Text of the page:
The mitigation of threats to aircraft on ground and in flight – irrespective of the airport or the air space – needs a cohesive coming together among the airport security mechanisms and the security outfit of the airline concerned.
It could be an armed assault, explosion on ground, aerial bomb, mid-air explosion or a missile attack targeting one or more aircraft. The airport of origin, the in-flight path and the airport of landing – all three need purpose knitted protective shield against each type of (current and future) terror penetrations.The aircraft hijack threat, for pressure purposes or terror purposes is still a harsh reality. Unfortunately, we prefer to rest our calculations on the declining (hijack) statistics and - the terrorists are NOT. That’s the difference - and also the regretting reason behind many “out of the blue” security failures.
Think of a smart terrorist infiltrating into the cabin service crew. Think of a suicide terrorist pilot disguised as a passenger travelling in first class. Think of a skilled terrorist infiltrating as a hangar technician. Think of a baggage loader conniving with terrorists - perhaps in a foreign airport. Think of a disloyal airline security officer on terrorist pay roll.
Or think of an unaccompanied passenger baggage in transit - or a cargo package – or a catering trolley - or an air mail bag – or a replacement aircraft part in the fly away kit – or a saleable duty free pack on board – connected with a smartly hidden timer bomb. Often we rush to say it is NOT possible - until it happens. Then we quickly twist around to explain how it happened. The recorded history in here is such. Moreover, think of a navigation jamming device or electronic sabotage activity on board. Or radio- active and other hazardous cargo (intentionally) loaded without right precautionary packaging. The avenues are enormous and endless. All these could lead to frightening security and economic disasters.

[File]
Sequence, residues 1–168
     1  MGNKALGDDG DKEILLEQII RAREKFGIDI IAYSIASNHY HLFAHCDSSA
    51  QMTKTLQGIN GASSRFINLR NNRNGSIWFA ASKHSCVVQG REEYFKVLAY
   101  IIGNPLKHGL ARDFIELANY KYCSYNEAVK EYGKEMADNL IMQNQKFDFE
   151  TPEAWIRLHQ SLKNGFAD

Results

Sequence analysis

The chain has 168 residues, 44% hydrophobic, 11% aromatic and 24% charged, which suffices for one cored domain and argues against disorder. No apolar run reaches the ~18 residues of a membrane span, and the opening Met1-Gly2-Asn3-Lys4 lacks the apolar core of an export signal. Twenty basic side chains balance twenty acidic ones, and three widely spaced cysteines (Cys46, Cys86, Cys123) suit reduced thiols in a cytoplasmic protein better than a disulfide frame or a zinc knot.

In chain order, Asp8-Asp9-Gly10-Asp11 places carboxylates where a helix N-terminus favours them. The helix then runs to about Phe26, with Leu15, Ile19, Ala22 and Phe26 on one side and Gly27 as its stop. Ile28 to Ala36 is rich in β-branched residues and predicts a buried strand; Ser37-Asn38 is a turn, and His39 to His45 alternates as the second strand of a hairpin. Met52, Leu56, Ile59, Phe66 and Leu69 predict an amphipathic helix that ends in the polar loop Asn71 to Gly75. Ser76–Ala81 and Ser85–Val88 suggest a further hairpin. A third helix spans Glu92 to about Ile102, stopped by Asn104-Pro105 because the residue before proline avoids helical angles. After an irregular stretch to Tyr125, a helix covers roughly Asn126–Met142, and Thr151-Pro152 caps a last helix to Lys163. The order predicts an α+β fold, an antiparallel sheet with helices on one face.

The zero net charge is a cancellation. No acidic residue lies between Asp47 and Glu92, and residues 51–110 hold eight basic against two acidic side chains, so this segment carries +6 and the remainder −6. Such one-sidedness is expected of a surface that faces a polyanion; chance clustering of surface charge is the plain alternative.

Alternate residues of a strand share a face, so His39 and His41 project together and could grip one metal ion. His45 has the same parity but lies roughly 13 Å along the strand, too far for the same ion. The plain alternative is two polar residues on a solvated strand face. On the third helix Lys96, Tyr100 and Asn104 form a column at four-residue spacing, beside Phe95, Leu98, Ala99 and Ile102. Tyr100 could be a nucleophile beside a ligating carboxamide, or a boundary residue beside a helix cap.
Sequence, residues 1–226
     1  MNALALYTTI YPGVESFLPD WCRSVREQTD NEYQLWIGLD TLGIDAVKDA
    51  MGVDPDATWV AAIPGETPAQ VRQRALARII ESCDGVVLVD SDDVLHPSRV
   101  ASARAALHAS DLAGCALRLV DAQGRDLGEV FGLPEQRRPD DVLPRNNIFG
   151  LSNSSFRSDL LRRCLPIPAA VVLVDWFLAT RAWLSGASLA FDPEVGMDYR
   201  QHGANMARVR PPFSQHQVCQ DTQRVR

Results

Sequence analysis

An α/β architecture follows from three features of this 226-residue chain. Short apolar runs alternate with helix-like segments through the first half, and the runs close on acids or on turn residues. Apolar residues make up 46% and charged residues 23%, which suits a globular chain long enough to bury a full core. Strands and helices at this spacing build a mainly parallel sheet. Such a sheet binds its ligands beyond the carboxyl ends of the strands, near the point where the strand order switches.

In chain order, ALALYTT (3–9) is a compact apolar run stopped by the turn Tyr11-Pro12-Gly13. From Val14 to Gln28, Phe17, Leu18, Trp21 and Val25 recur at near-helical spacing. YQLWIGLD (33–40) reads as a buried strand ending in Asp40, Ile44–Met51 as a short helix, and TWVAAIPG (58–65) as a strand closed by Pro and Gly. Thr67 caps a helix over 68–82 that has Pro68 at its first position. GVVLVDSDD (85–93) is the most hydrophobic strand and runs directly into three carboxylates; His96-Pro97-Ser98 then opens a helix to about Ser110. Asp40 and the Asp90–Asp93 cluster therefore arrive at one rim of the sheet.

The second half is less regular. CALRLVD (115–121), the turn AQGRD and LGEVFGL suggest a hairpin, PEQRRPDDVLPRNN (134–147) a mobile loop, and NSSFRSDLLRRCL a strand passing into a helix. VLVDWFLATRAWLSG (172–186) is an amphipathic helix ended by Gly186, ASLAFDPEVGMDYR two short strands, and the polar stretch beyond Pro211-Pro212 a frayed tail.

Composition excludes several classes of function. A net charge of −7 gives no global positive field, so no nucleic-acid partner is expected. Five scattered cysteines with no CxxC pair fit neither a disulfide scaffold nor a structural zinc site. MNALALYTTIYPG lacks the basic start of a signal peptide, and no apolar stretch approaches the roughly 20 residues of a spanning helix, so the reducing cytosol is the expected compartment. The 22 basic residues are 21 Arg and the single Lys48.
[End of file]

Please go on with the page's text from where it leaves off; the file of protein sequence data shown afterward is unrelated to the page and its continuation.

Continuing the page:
A security breach in an airliner – by all means – is an adverse media flash. The subsequent damage potentialities – as seen here on a selected basis - spreads into a greater negativity width:
* Lives of the Passengers
* Lives of the Air Crews
*Baggage and Cargo Loss
* Aircraft Destruction
*Airport Facility Damage
*Business and Image Loss
*Impact on Leisure Tourism
*Import / Export Disruption
*Gross Economic Impact
The pre-condition for effective airline protection is that the total process MUST be free from undue interference and political sheltering – at the state level, airport level and airline level. We need to realize the critical need for best skilled men and women, best updated equipment and best meditated protective designs in the best sensible blend. The term – BEST EFFICIENCY - makes all the difference. When the threat is at its “best” just outside and obviously within the fence as well, then - mediocrity is never even capable of making it to a consolation draw.
An airline training phrase sums it up most vividly - “If the best decorated heart surgeon in the world makes a mistake on duty, a single patient will die on a theater table. If an unsung airline security officer makes a mistake on duty, at least three hundred passengers will die at 33,000 feet up in the sky!!!”
The author is Strategic Security Specialist / Pragmatic Trainer & CEO of Strategic Security Solutions. He can be reached at –